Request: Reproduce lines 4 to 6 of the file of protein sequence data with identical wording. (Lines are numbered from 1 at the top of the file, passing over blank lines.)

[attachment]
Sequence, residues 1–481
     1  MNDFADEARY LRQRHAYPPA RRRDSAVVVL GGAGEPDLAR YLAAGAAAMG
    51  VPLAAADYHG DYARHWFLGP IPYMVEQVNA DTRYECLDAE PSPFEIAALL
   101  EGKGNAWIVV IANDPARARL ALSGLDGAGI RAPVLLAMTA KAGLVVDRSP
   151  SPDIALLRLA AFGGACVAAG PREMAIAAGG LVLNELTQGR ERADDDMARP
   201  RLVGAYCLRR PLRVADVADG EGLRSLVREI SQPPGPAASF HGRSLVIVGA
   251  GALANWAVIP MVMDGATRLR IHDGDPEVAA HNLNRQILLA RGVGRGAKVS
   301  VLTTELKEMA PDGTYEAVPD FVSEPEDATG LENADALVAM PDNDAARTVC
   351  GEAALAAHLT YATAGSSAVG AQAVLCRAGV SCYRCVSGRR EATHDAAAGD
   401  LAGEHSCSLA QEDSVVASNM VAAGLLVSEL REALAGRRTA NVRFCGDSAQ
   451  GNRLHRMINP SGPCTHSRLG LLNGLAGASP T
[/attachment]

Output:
   101  EGKGNAWIVV IANDPARARL ALSGLDGAGI RAPVLLAMTA KAGLVVDRSP
   151  SPDIALLRLA AFGGACVAAG PREMAIAAGG LVLNELTQGR ERADDDMARP
   201  RLVGAYCLRR PLRVADVADG EGLRSLVREI SQPPGPAASF HGRSLVIVGA